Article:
What happens when a writer leaves their homeland for another? Four authors who have hung their hats in fresh fields come together to discuss the effect of their backgrounds and nomadic lives on their work. Join author and foreign correspondent Caroline Brothers (The Memory Stones), Chinese-Australian performer and writer Jenevieve Chang (The Good Girl of Chinatown), English-born author Sara Foster (The Hidden Hours) who now lives in Perth, and Australian author David Francis (Wedding Bush Road), who calls Los Angeles home.

Supported by Macquarie University.

Caroline Brothers (Australian)

Caroline Brothers is a novelist, historian and foreign correspondent who has worked in Europe and Latin America. She has contributed to Meanjin and The Sydney Morning Herald, as well as The New York Times and The Guardian. She has also been a reporter and an editor at the International New York Times in Paris. Caroline is the author of War and Photography, and the novel Hinterland, which won a McKitterick award and has been translated into German, Italian, Dutch and Czech. Her new novel, The Memory Stones, tells the story of The Disappeared following ArgentinaÕs 1976 coup.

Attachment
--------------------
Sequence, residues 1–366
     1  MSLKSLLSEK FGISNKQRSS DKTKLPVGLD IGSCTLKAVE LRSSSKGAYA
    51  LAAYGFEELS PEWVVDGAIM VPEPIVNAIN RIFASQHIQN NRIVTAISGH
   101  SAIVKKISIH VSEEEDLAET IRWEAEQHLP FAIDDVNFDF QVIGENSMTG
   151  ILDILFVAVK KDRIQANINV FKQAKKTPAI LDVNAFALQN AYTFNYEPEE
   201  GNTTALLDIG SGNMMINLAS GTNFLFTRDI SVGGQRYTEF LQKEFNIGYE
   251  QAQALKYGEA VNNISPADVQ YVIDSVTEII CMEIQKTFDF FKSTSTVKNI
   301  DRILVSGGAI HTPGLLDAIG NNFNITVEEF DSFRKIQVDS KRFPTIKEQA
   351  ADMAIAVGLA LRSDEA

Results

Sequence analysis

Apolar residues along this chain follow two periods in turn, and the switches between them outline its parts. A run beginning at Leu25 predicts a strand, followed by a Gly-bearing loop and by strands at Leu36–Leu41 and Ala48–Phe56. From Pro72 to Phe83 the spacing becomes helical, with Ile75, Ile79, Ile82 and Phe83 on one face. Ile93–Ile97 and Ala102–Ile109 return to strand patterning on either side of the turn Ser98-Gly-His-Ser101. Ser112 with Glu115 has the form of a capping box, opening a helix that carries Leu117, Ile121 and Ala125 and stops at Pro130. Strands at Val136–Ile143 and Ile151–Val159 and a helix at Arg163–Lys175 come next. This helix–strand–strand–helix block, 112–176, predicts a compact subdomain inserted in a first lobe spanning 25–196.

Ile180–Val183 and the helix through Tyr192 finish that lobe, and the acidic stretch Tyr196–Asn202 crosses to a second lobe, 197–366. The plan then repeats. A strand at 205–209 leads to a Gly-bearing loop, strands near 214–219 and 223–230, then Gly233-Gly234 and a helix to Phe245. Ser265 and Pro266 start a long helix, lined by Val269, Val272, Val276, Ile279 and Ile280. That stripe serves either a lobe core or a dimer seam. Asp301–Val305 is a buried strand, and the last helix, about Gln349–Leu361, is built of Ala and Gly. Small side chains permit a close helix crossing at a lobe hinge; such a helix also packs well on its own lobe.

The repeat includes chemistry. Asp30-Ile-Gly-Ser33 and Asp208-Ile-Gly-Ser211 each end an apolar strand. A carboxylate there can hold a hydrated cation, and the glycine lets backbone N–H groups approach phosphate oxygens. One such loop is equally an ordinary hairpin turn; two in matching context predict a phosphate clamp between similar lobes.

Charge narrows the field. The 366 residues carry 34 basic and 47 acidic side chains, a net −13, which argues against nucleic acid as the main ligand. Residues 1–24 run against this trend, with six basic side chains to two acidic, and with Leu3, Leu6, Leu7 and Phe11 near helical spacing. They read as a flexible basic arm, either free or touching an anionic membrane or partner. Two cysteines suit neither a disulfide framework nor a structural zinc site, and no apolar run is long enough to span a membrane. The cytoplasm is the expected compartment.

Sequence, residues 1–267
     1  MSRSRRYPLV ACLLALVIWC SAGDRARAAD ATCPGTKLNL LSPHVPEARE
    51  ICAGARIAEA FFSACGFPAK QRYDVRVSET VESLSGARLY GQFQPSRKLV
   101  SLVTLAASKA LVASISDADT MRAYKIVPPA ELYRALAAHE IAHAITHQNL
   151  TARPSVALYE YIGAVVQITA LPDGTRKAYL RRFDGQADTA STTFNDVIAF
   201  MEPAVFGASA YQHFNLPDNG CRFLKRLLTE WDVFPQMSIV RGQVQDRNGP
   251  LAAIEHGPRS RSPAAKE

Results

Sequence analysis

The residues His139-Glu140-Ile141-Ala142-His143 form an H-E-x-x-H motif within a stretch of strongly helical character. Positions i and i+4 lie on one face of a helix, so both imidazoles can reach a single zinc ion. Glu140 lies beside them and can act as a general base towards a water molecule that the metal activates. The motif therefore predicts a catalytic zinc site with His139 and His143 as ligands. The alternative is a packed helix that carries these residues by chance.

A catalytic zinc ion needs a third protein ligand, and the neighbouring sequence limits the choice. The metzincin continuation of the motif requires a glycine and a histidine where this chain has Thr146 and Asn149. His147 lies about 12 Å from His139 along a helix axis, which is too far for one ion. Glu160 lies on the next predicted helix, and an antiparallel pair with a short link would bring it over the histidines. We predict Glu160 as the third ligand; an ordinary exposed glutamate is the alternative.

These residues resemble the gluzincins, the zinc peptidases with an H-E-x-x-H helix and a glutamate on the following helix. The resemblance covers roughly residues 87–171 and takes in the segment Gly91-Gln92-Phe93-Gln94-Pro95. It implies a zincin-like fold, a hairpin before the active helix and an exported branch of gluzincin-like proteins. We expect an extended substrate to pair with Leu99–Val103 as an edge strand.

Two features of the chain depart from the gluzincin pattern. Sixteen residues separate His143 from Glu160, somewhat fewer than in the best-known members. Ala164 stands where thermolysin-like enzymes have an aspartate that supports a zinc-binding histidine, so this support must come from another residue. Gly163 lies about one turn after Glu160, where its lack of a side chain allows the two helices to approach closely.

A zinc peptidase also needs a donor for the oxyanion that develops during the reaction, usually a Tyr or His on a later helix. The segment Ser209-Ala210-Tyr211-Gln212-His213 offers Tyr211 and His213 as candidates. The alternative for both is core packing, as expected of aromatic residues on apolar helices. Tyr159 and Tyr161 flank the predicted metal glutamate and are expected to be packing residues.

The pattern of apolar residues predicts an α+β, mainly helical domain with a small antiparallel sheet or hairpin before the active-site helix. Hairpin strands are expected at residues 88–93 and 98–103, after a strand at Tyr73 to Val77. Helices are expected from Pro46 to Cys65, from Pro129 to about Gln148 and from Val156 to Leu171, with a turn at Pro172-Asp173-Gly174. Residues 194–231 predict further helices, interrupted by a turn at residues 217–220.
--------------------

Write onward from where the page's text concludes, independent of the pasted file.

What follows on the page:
Jenevieve Chang (Australian)

Jenevieve Chang is an actor, writer and recovering showgirl. After skipping Australia to train in London, Jenevieve moved to Shanghai and became part of China's first vaudeville, variety and burlesque club, called 'Chinatown'. Returning to Australia, Jenevieve performed in Stories Then and Now, directed by Performance 4a's William Yang and Annette Shun Wah for the Sydney Writers' Festival in 2013. Most recently, Jenevieve starred in Monkey Baa Theatre's The Peasant Prince, the award-winning stage adaptation of Mao's Last Dancer. The Good Girl of Chinatown is her first book.